The White House proposal is essentially a statement that what we’re doing now is not working.
America, our internet stinks. And it’s time to try a different approach to fixing it.
But the funds often help maintain AOL-era internet pipelines. And money is spent on short-term solutions. Schools, for example, get help paying internet providers for Wi-Fi hot spots when they would be better off having fast internet pipelines that they control.
Those principles sound simple but are deceptively revolutionary. The plan is essentially a statement that what we’re doing now is not working, and the government shouldn’t sit by and let the system continue.
As de Wit told me, the role for the government should be to make everyone involved in the internet system laser focused on a mission: Build fast, 21st-century internet pipelines to reach everyone, and make sure that the public rather than internet companies are the first and last word on our internet system.
The Biden administration set out principles, but it proposes leaving wiggle room for communities, states and companies to come up with tailored internet technologies and policies built for their needs.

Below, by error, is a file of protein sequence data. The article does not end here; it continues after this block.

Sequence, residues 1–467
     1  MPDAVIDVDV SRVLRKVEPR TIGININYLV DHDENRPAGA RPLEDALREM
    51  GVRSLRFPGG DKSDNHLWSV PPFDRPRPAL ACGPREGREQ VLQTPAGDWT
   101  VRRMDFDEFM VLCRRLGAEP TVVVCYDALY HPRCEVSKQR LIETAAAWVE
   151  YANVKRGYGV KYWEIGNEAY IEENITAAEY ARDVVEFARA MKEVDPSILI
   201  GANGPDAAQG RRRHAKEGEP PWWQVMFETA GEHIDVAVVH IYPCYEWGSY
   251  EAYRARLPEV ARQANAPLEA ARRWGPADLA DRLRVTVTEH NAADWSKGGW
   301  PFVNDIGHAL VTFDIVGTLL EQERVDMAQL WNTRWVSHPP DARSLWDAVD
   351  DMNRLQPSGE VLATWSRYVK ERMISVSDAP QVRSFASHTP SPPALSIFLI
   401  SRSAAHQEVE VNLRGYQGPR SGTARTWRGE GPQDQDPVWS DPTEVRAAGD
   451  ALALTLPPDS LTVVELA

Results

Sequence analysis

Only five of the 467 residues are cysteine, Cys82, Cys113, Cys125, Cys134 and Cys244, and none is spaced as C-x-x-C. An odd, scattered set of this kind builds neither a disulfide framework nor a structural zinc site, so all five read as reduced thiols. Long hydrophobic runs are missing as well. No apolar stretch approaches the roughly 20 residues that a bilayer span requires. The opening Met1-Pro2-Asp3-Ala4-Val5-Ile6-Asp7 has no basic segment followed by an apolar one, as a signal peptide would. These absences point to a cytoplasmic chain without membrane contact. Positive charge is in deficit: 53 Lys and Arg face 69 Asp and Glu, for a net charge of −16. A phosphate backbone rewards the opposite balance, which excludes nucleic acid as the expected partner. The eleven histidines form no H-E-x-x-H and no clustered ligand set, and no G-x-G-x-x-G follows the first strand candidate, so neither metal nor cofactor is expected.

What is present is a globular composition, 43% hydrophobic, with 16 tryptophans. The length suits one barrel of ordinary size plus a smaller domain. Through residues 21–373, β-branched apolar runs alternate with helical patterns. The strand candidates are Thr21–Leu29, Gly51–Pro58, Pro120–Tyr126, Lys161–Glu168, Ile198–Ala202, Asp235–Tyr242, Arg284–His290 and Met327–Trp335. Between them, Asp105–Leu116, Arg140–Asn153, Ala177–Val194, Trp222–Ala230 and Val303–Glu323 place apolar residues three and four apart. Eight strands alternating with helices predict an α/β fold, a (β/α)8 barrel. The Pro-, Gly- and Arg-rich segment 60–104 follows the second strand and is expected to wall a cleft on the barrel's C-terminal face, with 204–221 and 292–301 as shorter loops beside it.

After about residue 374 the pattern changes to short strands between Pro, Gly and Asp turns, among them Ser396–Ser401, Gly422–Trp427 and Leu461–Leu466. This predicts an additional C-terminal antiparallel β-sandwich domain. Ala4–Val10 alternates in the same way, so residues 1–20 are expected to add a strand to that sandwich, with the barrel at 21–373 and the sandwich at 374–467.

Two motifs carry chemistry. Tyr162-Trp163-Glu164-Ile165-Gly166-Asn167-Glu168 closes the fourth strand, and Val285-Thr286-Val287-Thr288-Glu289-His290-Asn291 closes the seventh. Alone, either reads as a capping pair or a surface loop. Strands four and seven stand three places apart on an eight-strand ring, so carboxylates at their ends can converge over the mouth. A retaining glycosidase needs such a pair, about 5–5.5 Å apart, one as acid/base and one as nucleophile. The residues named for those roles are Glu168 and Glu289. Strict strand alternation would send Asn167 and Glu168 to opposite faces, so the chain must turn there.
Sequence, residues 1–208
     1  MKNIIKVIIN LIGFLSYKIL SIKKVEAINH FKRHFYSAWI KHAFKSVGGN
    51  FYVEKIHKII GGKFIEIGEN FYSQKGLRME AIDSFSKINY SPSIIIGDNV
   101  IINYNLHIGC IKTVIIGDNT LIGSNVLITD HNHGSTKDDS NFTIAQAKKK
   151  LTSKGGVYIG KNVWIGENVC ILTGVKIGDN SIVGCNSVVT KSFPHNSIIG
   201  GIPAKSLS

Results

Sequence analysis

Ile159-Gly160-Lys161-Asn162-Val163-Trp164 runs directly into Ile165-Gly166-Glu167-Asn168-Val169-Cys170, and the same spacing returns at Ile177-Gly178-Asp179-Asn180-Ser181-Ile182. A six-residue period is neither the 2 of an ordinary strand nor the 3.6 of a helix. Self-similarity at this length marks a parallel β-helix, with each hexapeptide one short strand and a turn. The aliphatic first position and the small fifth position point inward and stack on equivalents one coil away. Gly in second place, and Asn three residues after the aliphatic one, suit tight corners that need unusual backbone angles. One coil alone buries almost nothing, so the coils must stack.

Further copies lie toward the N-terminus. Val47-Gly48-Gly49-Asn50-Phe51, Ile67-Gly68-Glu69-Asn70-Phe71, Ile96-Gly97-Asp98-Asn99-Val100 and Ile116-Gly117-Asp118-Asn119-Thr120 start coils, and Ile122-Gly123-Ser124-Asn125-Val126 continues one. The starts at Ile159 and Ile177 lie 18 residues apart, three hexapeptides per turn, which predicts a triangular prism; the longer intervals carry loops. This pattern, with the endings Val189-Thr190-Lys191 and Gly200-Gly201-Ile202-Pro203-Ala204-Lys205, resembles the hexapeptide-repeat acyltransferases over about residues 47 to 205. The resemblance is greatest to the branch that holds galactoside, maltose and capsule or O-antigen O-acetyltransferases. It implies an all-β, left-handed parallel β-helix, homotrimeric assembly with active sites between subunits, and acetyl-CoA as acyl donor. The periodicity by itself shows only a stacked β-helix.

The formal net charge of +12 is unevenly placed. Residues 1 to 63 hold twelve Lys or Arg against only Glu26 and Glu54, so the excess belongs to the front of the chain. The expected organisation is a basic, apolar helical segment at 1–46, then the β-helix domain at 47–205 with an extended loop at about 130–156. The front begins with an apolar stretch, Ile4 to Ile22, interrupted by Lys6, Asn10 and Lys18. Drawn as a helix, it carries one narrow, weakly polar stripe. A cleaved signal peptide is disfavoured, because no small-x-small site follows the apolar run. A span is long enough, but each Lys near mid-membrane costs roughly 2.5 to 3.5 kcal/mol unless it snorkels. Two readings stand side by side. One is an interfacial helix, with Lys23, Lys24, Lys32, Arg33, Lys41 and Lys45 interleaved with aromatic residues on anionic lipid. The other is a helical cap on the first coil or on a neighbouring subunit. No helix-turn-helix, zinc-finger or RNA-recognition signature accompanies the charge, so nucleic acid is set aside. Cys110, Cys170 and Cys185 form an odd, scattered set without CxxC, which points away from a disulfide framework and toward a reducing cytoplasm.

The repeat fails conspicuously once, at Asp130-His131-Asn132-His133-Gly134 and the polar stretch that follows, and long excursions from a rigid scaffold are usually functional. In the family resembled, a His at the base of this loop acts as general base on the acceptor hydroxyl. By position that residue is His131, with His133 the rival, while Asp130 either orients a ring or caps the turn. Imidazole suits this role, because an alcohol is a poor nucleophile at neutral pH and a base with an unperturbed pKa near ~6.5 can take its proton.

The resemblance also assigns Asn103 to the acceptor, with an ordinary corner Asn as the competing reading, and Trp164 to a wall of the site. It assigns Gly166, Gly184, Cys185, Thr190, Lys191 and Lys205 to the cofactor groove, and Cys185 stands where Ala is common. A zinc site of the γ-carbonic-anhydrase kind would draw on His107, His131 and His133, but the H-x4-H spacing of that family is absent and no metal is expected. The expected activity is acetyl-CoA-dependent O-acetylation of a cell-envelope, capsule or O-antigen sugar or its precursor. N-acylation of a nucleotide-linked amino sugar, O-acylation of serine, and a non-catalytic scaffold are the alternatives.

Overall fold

I don’t want to downplay the difficulties in fixing America’s internet system. It will be hard to build internet networks that reach all Americans, particularly in sparsely populated areas. It’s not clear how the White House plans to make service affordable for everyone.
But let me stress what’s exciting about the White House plan. It identifies the right problems, declares a worthy mission and demands fewer roadblocks to bridge the best of government with the best of capitalism.
If the White House plan works, our internet system could be both less expensive and more effective for all of us.
Source: New York Times